• Breaking data into smaller chunks helps with auditing the data and keeping it accurate.
  • If you have sensitive data, e.g. employee information, it may be simpler to keep all that data together in one object schema with restricted access permissions.

When deciding how to put data into Assets, consider the uses of the data and who will update it so the data can be grouped into logical object schemas.

Assets (and by extension Jira Service Management) does not care about which information is contained in which object schema. It just sees one big pool of data. This means you can easily use multiple object schemas for one use case and create links between objects in different object schemas.

Object Types

Object types go within a schema and define the objects that the schema contains. You can define these yourself or you can use an object schema template that will come pre-populated with certain object types that you can customize. Object types act as containers for your actual objects. Object types can be whatever you want them to be as Assets is very open and flexible but common object types include:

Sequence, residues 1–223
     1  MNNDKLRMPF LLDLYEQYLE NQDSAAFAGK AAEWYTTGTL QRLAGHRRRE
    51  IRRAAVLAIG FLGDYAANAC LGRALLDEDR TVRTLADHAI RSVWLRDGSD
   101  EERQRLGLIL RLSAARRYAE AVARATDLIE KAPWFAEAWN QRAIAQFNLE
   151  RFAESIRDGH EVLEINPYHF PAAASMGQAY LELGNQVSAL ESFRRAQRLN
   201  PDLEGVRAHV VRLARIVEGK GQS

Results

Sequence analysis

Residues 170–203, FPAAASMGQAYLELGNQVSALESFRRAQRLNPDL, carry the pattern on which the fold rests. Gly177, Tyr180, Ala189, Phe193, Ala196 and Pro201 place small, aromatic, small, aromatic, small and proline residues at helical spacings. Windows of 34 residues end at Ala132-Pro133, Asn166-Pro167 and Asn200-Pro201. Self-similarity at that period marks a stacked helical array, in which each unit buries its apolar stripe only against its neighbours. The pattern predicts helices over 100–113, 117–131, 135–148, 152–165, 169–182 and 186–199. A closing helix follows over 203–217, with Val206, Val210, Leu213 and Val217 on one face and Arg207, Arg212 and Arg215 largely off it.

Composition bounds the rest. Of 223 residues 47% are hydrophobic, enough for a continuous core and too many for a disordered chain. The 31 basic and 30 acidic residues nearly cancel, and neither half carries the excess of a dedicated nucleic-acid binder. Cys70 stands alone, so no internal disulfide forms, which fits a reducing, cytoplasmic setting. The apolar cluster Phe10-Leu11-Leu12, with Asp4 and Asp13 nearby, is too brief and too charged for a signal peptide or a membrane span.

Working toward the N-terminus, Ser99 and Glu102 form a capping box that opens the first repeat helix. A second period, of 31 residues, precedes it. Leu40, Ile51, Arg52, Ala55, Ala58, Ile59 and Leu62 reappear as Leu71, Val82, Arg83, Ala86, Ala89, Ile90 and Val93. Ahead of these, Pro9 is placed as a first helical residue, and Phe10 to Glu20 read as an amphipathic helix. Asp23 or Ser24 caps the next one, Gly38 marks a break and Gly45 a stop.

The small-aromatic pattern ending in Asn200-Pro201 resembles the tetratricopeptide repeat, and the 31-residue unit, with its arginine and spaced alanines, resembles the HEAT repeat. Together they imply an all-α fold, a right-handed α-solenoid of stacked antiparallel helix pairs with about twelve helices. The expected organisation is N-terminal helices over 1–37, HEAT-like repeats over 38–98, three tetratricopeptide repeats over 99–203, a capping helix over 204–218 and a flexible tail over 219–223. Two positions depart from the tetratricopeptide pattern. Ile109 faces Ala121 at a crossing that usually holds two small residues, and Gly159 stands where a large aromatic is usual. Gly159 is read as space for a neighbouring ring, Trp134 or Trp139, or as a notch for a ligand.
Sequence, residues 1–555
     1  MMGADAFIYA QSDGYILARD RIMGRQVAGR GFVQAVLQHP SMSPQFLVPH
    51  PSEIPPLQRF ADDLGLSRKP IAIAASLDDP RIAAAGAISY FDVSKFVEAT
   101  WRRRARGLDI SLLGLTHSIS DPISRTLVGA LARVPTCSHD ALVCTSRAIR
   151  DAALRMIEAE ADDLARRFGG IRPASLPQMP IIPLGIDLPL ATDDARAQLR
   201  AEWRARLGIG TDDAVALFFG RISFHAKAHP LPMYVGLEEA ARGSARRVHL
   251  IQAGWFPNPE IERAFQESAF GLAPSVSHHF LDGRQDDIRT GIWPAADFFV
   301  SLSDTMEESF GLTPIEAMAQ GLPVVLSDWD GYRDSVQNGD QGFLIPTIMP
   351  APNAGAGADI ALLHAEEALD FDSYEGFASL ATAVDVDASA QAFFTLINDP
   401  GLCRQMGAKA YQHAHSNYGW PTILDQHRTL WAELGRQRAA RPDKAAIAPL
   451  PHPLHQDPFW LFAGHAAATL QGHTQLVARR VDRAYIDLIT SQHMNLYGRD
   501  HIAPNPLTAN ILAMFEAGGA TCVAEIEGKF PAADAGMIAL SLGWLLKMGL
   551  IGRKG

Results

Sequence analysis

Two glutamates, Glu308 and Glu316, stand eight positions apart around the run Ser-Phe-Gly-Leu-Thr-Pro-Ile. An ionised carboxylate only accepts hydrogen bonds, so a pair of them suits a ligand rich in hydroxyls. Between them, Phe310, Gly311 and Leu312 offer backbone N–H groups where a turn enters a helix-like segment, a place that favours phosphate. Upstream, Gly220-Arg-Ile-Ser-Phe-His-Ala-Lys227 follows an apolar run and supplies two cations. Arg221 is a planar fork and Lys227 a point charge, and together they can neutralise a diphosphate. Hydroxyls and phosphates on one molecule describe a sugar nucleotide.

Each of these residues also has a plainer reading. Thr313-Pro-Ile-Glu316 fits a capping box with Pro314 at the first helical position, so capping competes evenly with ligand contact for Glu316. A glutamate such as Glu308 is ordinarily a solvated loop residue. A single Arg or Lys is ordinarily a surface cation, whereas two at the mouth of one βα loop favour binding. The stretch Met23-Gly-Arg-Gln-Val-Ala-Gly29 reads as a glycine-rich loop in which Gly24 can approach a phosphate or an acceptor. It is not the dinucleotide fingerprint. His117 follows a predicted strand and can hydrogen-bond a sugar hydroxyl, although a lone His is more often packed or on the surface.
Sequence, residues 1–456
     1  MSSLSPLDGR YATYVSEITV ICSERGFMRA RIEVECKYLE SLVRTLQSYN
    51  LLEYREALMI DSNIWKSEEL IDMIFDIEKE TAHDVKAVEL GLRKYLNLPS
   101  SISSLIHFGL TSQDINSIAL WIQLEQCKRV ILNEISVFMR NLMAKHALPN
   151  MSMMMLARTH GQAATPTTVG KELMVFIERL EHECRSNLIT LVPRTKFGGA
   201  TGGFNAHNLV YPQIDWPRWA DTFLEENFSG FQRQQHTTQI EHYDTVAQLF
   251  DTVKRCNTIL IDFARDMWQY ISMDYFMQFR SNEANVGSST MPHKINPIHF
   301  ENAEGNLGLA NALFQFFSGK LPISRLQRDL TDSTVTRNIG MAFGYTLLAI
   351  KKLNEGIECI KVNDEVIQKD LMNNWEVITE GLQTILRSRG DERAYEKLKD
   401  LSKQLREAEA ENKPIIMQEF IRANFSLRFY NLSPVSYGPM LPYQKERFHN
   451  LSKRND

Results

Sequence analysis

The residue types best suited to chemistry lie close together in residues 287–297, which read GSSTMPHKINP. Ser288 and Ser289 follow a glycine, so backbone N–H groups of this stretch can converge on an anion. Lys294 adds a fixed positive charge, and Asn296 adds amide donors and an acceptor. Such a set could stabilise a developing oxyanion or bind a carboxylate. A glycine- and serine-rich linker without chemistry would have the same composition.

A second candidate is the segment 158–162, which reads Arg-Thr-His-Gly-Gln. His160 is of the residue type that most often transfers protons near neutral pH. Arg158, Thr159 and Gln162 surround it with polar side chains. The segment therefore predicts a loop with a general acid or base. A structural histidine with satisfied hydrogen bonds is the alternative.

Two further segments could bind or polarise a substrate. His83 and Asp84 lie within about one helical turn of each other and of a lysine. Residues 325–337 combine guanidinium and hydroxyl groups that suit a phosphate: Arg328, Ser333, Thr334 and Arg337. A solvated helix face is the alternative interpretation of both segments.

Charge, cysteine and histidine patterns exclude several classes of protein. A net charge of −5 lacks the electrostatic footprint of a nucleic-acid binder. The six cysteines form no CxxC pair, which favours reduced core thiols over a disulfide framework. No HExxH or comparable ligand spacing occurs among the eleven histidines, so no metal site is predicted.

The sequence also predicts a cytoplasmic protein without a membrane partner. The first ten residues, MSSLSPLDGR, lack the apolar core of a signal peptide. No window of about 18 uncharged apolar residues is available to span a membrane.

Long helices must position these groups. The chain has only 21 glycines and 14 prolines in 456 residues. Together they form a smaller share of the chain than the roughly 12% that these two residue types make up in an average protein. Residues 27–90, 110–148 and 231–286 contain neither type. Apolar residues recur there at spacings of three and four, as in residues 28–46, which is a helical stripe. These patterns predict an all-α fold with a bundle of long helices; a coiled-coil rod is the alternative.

• Business services
  • Hosts
  • Laptops
  • Software

But they don’t have to be IT assets. For example many people add other useful information such as:

  • Vendors
  • Locations
  • Employees
  • Business Priority

You can organize object types in the hierarchy tree in a way that makes sense. This tree is mainly for navigation and readability and you can have empty object types to aid this, but it can be setup to offer inheritance of attributes to make creating object types easier.

Insight CMDB navigation pane showing the hierarchy of objects going from IT assets to Hardware to Servers for example.

Object Type Attributes

Object attributes are what define an object type. Each object type will have its own set of attributes. For example, the object type “laptops” might have the attributes: model, serial number, user, warranty expiry date etc.

Entering actual values for the attribute will define an object. This can be done manually or automatically (see Step 4).